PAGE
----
Wednesday, March 31, 2010

colbert and the 10 commandments

Watch the video.  I am personally not a big fan of putting the 10 Commandments all over public buildings [I wouldn't be in favor of taking it off of historic buildings (eg, the Supreme Court), but I don't know if it is a tradition we need to continue].  I don't think they are really offensive to most religious people since almost every religion has some derivation of the 10 Commandments.  What I am really against is politicized religion of any sect.  The problem with many churches is that they would probably support the decisions of Lynn Westmoreland.  Everyone wants to vote the 10 Commandments in, but no one knows what they are or practices them.  ...that is the problem.  Watch till Colbert asks him to repeat the 10 Commandments.  We need an approach with transcends the ballot box.  If you truly believe that democrats or republicans are capable of fixing anything, then you are simply being naive.

The Colbert ReportMon - Thurs 11:30pm / 10:30c
Better Know a District - Lynn Westmoreland Update
Colbert Report Full EpisodesPolitical HumorHealth Care Reform

Tuesday, March 30, 2010

esl and terrorists

I have been a little busy lately.  I have just finished an esl certificate and am trying to wrap up my final classes on top of my "typical" writing projects and trying to move to another country.  I hope to have a "real" post up soon, but this will have to do for now.

Saturday, March 13, 2010


I heard a guy from Sudan say this today:
English was born in England,
Got sick in America,
Died in India,
And is buried in Africa

Tuesday, March 9, 2010


I have written much in criticism of big church spending.  Jerry Rankin has an awesome post on his blog.  Here is a quote:

What our convoluted priorities are practically saying is, “It is better to let the lost multitudes never hear the gospel and go to hell, than change the way our denomination functions.” It is too bad that we have a system in which only two percent of our resources are given to reach a lost world that Jesus died to save. It is unfortunate our denomination can channel only 17 percent of Cooperative Program allocations to international missions because we have to sustain everything else we are doing. We can’t expect to cease a valid ministry, compromise programs that serve ourselves and our own churches in order to provide resources to get the gospel to those who have never heard! That, in essence, is what is being communicated.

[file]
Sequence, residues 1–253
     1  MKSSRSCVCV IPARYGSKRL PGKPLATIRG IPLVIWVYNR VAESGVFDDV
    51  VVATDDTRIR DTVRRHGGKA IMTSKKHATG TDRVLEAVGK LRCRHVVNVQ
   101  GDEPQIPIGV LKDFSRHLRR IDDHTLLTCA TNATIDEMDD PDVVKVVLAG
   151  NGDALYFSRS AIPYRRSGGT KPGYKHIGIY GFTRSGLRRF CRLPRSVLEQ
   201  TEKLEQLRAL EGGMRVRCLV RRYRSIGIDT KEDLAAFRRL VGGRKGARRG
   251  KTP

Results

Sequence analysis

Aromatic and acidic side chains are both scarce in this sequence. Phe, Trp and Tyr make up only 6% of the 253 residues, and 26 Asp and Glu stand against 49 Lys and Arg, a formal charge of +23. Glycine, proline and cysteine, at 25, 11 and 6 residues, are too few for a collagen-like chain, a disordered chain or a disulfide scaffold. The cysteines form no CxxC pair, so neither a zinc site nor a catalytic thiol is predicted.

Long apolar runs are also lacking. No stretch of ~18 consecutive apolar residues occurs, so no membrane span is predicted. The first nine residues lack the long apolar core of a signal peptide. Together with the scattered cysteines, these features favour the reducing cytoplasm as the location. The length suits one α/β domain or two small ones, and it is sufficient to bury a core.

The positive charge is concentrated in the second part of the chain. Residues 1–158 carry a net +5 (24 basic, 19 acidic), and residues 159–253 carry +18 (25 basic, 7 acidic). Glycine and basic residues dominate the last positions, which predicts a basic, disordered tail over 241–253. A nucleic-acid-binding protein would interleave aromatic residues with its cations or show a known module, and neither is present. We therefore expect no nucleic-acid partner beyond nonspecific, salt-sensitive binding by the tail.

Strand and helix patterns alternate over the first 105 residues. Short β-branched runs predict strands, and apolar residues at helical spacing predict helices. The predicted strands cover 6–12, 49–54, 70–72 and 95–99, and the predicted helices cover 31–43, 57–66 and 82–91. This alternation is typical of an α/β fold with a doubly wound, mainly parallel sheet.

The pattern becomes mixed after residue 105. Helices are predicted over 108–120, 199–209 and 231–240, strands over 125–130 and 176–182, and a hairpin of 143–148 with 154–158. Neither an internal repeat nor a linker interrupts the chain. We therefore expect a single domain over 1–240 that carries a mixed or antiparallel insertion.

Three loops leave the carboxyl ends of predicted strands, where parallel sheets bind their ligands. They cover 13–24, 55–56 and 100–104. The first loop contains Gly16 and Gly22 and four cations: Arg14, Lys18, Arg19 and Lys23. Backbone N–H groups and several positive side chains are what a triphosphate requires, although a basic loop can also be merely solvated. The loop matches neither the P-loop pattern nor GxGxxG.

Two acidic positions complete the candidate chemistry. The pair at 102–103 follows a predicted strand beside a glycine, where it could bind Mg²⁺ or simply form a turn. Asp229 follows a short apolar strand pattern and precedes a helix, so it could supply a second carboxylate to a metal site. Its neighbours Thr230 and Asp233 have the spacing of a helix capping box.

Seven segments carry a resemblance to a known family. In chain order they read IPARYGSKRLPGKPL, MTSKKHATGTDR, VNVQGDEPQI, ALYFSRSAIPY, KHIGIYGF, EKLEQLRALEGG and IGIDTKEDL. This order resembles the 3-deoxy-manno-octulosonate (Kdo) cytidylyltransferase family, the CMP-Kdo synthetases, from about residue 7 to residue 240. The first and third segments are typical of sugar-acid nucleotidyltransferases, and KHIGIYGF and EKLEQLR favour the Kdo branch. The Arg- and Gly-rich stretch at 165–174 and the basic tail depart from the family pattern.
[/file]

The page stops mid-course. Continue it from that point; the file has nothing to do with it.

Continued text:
Saturday, March 6, 2010

the great debate

We are having a really great discussion over at sbcvoices about Lot.  Dave Miller has offered the counter view.  Enjoy.

Tuesday, March 2, 2010

christian mugging (aka bait-and-switch: the struggle for relevance {aka the dangers of an evangelism program at your church})

Many people feel {or come across to others} just like the person in the video whenever they invite someone to church--not to mention share their faith.  The focus of this post is on the evangelism side of the issue.  Perhaps at a later point I will do something on extracted Christian living, if there is such a thing.

I was recently reminded just how hard/scary evangelism can be.  I was at a large mall in the D.C. area to do some intentional evangelism.  I was not the team leader; but was bringing a group with me to work with a group that regularly evangelized at this mall [they used EE].  Although I have taken many seminary classes in evangelism and missions, gone on numerous mission trips, shared the gospel with many many people from all walks of life and religions, and have even done those "crazy" and "radical" things like open air street preaching, the hardest part for me is walking up to a complete stranger and starting a conversation [particularly one wherein I will either be asking them about heaven and hell within 30 seconds, or announcing some completely ridiculous reason as a pretext for our "random" conversation].  Once I am in the conversation and we are deep in discussion, I am high as a kite.  But after all these years and all these hours of training and experience that initial fear remains.  Fortunately, I was working with a partner who was at ease overcoming the awkward [albeit through the interjection of his own special awkwardness-more about this in another post] introductory moment.  So I piggy backed with him and had a great time.  I was able to talk with several postmodern Muslims from Pakistan and Somalia and a postmodern Catholic from Bolivia.  We made some good progress in their understanding of the gospel, so the night was a success in those terms.